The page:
partners might go the extra mile to offer bigger discounts and drop
a number of one-time manufacturing costs (like molding and tooling,
or setting up printed circuit board production), hoping to amortize
the costs on the future volume.
"With mechanicals, the biggest cost element that is volume- or
quantity-dependent is the tooling costs -- for example, the
injection-mold tools, or whatnot. For all the different plastic
components in any given electronic device, [the price] could be on
the order of the several million dollars, so that's amortized
across the production volume," says Keller.
He doesn't expect drastic drops in manufacturing costs when the
device goes into mass production. He tells Minyanville, "[Google
has] already negotiated fairly favorable pricing to begin with,"
but as the components grow more and more mature, the price of raw
materials might be reduced. "For some of the components -- like
apps processors, memory, [and] optical sensors -- over the next
couple of years, there might be on the order of 20% to 30% takedown
Matter of Strategy
The price tag in a store does not necessarily have to reflect
production costs; companies the size of Amazon, Google, or
(MSFT) can afford to sell devices at prices that are lower than
production costs to quickly grow the installed base, and then the
companies make money on exploiting the whole ecosystem.
Smartphone makers usually go for a 60% to 70% margin in their
top-tier devices. The Samsung Galaxy 4's price tag includes an
margin, and the Apple iPhone 5 is sold with a
Google is known to operate on
fairly thin margins
, and the price of its recent blockbuster release, the
, at $35, suggests that Google tends to stick to reasonable price
points. (The $1,299
is the exception to the rule).
But even if Google decides to reap a smartphone-class reward on
each Glass sold, the device should still cost no more than $599,
and it'll likely be much less than that; $299 (for a 30% margin) or
$399 (a 47% margin) might be the sweet spots for the company.
No matter the price, however, analysts are skeptical about the
financial impact of the project in the near term.
"I don't know if it will even move the needle," Ivan Feinseth,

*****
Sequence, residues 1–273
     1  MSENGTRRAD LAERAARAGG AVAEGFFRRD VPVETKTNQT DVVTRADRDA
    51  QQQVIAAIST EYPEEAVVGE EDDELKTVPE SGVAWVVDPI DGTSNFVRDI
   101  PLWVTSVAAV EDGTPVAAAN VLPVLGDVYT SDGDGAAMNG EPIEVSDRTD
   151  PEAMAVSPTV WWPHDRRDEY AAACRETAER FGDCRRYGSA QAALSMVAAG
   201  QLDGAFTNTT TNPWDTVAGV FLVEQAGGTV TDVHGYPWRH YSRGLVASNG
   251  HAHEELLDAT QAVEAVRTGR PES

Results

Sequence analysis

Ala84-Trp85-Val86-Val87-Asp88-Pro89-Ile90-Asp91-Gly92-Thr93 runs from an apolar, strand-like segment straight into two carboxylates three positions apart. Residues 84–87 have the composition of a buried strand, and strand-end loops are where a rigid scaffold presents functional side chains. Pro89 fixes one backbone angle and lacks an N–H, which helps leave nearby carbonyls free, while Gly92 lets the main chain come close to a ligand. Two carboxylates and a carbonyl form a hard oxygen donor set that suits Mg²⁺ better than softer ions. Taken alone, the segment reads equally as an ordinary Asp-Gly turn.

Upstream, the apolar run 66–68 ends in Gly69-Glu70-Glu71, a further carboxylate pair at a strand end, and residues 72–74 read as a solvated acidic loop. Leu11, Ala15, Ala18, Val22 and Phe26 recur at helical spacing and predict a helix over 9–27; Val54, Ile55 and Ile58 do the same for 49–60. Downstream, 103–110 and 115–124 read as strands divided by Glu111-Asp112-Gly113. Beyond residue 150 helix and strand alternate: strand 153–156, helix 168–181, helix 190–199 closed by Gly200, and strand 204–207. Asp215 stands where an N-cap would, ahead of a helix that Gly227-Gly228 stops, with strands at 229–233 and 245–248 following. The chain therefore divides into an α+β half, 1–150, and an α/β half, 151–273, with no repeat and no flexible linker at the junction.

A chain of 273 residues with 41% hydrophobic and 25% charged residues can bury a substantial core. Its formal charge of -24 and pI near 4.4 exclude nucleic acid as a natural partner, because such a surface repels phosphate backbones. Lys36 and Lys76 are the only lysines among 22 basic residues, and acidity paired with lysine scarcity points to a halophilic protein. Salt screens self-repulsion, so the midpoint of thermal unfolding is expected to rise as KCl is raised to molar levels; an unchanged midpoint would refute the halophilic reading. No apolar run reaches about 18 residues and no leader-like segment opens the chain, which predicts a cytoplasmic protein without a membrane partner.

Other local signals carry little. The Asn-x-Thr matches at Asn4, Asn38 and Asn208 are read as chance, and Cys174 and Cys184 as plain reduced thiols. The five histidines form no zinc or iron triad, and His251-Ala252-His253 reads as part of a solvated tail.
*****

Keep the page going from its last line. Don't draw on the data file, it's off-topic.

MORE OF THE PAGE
chief investment officer at Tigress Financial Partners LLC, tells
That makes sense: According to IHS iSuppli's
most optimistic scenario
, there'll be just 2 million pairs of smart glasses sold in 2015.
Even if we consider that 100% of the market will be dominated by
Google and the company opts for a relatively high 60% margin, 2
million sales would bring Google roughly around $600 million in
gross profit. For a company that
$29.7 billion in gross profit and $10.7 billion net income per
year, a mere $600 million is not going to cause any serious impact.
"It's more of a kind of buzz-related item than actually a business
needle-moving item," said Feinseth.
Want to Get "Glass" Now? You Can Get Pretty Close!
While the forthcoming sales of Glass might not mean much to
Google's bottom line, it will mean a lot to the companies that are
already producing Glass-like devices, including GoPro rugged
cameras that start from $199.99.
Several other manufacturers also have products similar to Google
Glass readily available or coming soon.
While the most advanced smart glasses from
(CVE:VZX) are still not in stores, you can opt in for a
Wrap 1200 video eyewear for a mere $499.99
The other option is a pair of Moverio BT-100 wearable glasses from
priced at $699.99
, and running an Android-based OS.
How about smart devices in active wear? Check out
, priced at $599 and due to hit the market in February 2014. Or you
might choose a less advanced
"live HUD" right now
, for just $299. It stealthily integrates into Recon Ready alpine
If you're ok with having smart glasses without a screen, check out
, equipped with a high-quality camera and onboard storage, starting
with $299 for an 8 GB model and arriving in late summer 2013,
according to the company.
Indie products, such as
are options, too.
Whatever alternative you choose, keep in mind that competitors will
have a hard time fighting Google Glass for market attention when
the company switches on its marketing machine and begins promoting
Glass, despite its cost or availability -- and even despite its